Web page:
He hung his hat and coat on the pegs by the door, and, feeling too tall and clumsy, sat down by the fire.  Looking around, his attention focused on a nearby bookshelf. Books, he knew.  He was comfortable with them, the way he was comfortable with the changing seasons that dictated the work of the land.  He couldn’t help trying to guess which books she had chosen. Whittier, Longfellow, Keats, and the several anthologies were most likely hers, for he couldn’t imagine Stuart musing over an Ode to a Grecian Urn.  The books on agriculture and animal husbandry were likely his, he conceded, but not the rest.  While his father and Stuart debated secession, he glanced at an open book lying on the footstool beside him.

The table had been set, and he caught Rachel’s inquiring glance as she passed him.  “Yours?”  He lifted the volume of Emerson’s Essays to show her.  A shy nod acknowledged his gesture.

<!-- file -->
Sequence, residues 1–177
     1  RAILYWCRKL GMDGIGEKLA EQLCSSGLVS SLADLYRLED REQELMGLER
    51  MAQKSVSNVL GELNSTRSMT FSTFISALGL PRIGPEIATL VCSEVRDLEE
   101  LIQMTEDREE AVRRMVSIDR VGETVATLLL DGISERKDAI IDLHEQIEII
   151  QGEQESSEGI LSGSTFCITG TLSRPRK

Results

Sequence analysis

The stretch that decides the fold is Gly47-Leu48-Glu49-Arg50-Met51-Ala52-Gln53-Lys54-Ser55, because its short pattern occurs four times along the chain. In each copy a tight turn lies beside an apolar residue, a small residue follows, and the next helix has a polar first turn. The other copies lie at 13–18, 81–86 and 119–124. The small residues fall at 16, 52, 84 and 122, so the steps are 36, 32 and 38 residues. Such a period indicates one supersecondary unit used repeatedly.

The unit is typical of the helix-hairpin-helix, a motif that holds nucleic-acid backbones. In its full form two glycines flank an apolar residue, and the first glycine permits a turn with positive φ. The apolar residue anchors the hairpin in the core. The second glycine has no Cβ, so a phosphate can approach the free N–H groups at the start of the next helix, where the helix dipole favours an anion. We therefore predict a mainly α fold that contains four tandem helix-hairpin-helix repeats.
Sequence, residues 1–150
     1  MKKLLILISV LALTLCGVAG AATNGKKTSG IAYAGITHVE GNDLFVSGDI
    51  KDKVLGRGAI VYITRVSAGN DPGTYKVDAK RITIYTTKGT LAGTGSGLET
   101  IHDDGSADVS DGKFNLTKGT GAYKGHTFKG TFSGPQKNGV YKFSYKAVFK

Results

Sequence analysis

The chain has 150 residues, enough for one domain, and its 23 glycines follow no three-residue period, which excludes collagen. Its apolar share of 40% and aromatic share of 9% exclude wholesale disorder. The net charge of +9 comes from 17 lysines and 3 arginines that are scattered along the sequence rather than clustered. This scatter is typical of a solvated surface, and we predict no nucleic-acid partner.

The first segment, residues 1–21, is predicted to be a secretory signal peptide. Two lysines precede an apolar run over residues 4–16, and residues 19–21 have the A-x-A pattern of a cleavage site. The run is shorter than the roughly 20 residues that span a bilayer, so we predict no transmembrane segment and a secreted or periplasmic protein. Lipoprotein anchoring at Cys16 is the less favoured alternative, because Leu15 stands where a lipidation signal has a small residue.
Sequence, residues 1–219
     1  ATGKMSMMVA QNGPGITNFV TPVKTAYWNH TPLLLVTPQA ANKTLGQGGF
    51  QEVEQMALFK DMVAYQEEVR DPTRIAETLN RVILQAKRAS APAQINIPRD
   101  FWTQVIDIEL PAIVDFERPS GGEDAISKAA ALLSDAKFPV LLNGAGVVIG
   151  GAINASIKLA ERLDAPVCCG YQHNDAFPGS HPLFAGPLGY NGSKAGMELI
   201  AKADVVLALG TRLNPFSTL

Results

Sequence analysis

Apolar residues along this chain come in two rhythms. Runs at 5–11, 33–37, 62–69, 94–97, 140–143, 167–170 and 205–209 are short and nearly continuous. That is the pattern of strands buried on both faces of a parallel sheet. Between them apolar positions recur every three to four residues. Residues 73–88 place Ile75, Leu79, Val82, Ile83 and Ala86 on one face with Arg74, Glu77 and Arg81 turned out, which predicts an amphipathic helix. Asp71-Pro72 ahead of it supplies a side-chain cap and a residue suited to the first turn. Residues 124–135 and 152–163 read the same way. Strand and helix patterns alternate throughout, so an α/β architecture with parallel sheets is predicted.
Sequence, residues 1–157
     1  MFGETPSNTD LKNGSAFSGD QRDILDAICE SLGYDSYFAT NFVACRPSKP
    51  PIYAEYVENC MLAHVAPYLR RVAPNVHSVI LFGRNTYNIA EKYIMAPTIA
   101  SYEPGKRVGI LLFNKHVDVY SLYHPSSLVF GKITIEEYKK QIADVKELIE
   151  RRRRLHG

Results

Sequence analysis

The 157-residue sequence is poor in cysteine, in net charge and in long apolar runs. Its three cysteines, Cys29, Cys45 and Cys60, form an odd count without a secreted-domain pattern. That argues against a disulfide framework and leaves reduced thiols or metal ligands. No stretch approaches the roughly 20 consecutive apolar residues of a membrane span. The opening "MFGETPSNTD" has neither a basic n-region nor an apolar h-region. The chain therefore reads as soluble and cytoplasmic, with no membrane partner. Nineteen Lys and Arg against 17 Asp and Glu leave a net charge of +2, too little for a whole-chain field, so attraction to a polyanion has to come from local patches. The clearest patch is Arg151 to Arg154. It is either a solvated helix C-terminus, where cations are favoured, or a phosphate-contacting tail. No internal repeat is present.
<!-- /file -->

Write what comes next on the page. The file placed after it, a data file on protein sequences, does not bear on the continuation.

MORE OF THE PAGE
Catching the by-play, Stuart quipped, “Rachel fancies herself a scholar, but I tell her blue stockings are out of fashion for pretty young ladies.”

Laughing, they took their places around the table for a meal of smoked ham and delicately seasoned root vegetables. Rachel’s experience as a minister’s daughter had taught her be both quick and inventive when dealing with unexpected guests.

When Stuart mentioned the shots fired in Charleston Bay, her dark brows drew together.  Divining that a change of subject would be welcome, Jared urged his father to tell them stories of the early days.

Warming to this, Ferris related that he had come west, and fallen in love with a pretty Norwegian girl. Once married, he and Elsa began farming in 1830.  Wolves had roamed the prairies, and he made a good story detailing how they had huddled together on winter nights, listening to howls rising from the creek bed that now ran through the Norcross acres.  But wolves no longer roamed the prairie, Ferris assured Rachel.  The farmers and the railroads had driven them out.

*          *          *